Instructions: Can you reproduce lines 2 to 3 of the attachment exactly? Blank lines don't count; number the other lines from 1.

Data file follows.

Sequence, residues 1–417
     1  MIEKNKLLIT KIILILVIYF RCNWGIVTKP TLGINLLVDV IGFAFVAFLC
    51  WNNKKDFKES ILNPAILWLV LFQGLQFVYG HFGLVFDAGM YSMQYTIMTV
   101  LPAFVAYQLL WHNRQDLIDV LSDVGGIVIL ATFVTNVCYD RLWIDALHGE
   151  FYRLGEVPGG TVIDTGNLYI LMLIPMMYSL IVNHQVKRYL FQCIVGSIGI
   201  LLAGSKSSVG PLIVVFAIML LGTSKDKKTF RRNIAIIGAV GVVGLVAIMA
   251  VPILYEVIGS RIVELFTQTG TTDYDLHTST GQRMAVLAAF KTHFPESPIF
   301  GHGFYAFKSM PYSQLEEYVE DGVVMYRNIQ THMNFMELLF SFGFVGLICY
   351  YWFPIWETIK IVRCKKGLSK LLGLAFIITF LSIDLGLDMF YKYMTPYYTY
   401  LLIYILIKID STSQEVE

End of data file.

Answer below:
     1  MIEKNKLLIT KIILILVIYF RCNWGIVTKP TLGINLLVDV IGFAFVAFLC
    51  WNNKKDFKES ILNPAILWLV LFQGLQFVYG HFGLVFDAGM YSMQYTIMTV